- Hardcover: 512 pages
- Publisher: Del Rey; 1st Edition edition (May 17 2005)
- Language: English
- ISBN-10: 0345465679
- ISBN-13: 978-0345465672
- Product Dimensions: 16.8 x 3.8 x 23.4 cm
- Shipping Weight: 816 g
- Average Customer Review: 2 customer reviews
- Amazon Bestsellers Rank: #2,684,822 in Books (See Top 100 in Books)
The Rivers of War Hardcover – May 17 2005
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From Publishers Weekly
Starred Review. The first of a projected two-volume series, Flint's witty, tightly written alternative history presents a subtly revised version of events in the final year of the War of 1812. In March 1814, in the Mississippi Territory, Gen. Andrew Jackson's Tennessee Militia and Cherokee warriors fight a decisive battle against the Creek Indians. In August, a young Sam Houston, the adopted son of a Cherokee chief, arrives in Washington in time to help defend the Capitol building from invading British troops. The British fail to reach Fort McHenry, but they do get to New Orleans, where they adopt a slightly more intelligent plan of attack than in reality. While the enlightened political and racial attitudes of some white characters may seem unrealistic, such views weren't unheard of even in the South before significant expansion west and the emergence of the cotton kingdom. Flint (1632) offers historical figures rarely seen in fiction, such as James Monroe, in pre-Doctrine days, and the British general Robert Ross (not killed outside Baltimore); thorough scholarship in Napoleonic-era warfare; and strong, credible women. Fans will cheer even louder if this outstanding start turns out to be the first of a long saga. 6-city author tour. (May 17)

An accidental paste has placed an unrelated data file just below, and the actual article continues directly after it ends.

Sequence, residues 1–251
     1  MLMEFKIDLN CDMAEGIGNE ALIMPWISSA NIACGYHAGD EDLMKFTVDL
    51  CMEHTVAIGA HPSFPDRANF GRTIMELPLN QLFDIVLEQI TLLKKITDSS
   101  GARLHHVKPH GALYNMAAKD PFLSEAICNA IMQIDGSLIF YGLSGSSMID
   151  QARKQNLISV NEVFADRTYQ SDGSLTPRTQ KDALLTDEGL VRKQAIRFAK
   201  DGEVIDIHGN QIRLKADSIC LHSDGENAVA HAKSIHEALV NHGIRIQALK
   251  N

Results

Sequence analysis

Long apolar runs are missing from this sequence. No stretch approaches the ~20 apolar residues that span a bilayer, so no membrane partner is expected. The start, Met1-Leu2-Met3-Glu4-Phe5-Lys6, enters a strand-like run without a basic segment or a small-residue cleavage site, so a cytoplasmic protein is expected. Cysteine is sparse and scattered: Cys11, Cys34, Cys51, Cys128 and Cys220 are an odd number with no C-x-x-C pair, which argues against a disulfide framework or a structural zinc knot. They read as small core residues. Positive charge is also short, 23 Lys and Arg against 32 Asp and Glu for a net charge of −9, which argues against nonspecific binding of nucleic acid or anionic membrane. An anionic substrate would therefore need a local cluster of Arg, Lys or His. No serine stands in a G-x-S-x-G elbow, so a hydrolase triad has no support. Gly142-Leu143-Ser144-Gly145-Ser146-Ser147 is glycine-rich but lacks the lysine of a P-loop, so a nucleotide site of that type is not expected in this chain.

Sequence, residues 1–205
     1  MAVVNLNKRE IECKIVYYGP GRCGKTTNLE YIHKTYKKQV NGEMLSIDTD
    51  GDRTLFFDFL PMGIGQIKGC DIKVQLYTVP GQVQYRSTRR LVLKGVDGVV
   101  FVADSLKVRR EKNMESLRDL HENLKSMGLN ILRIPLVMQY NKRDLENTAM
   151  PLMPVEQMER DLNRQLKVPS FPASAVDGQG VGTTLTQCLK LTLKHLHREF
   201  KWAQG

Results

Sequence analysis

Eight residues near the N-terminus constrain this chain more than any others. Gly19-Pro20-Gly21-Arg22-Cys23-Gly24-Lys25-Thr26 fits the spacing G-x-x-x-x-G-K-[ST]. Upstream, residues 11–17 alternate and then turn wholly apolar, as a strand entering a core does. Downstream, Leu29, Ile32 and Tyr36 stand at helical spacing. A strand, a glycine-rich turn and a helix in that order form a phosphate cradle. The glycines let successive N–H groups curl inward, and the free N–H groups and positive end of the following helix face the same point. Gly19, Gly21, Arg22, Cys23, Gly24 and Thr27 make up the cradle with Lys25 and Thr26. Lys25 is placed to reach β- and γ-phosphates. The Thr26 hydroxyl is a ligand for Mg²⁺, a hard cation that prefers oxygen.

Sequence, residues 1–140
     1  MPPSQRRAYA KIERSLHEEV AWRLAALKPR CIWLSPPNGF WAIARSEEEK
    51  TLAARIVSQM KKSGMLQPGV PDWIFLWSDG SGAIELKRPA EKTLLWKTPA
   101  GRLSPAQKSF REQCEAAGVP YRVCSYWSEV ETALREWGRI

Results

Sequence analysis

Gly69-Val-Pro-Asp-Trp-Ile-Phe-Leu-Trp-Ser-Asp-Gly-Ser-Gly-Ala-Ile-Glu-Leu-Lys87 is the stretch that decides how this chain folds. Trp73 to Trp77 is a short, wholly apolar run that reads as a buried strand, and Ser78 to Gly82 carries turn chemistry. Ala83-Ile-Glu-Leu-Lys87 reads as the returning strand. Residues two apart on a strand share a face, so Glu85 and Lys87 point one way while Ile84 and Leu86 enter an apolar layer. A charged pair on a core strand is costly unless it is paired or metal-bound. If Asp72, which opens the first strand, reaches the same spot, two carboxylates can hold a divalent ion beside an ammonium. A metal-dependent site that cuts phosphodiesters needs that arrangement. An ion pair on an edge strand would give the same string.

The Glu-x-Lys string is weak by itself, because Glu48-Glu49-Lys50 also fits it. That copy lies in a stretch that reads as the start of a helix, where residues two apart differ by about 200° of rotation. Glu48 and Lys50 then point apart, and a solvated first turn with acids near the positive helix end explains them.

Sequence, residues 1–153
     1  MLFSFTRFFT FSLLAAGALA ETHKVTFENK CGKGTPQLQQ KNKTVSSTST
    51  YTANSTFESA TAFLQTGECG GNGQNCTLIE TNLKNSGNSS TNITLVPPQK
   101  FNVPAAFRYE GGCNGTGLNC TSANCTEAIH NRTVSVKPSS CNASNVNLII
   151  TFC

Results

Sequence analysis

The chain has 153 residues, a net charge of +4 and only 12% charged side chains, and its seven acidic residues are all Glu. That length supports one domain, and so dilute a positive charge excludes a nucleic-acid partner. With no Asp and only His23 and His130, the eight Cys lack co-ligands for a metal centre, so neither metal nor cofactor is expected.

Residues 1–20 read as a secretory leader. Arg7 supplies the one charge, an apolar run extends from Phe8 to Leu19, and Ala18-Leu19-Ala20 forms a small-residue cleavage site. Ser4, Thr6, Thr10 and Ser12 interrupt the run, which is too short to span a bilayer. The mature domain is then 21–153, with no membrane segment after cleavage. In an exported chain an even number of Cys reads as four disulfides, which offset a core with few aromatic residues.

Copyright © Reed Business Information, a division of Reed Elsevier Inc. All rights reserved.
Flint's new alternate-history saga explores the possibility that the Trail of Tears never occurred by depicting a thoroughly different War of 1812. It begins with Andrew Jackson's campaign against the Creeks, in which the Cherokees fought on Jackson's side. Young Sam Houston, an adopted Cherokee, and Patrick Driscol, an Irish rebel and Napoleonic Wars veteran, are sent to Washington, arriving just before the British do. Though Flint does not eliminate the "battle" of Bladensburg (alas!), his British don't burn Washington and never get to Fort McHenry. They do get to New Orleans, however, where, despite a more intelligent plan of attack than Pakenham actually used, Jackson repels them with the aid of some free black naval gunners, the Cherokees, Houston, and Driscol. And Flint's Pakenham survives. Flint has thoroughly mastered storytelling, and his characterization is masterly. His characters, historical and invented, are plausible for the time and place, and he makes neither an icon nor a demon of anyone. Irresistible for Flint's 1632 series fans and, indeed, for alternate-history buffs in general. Frieda Murray
Copyright © American Library Association. All rights reserved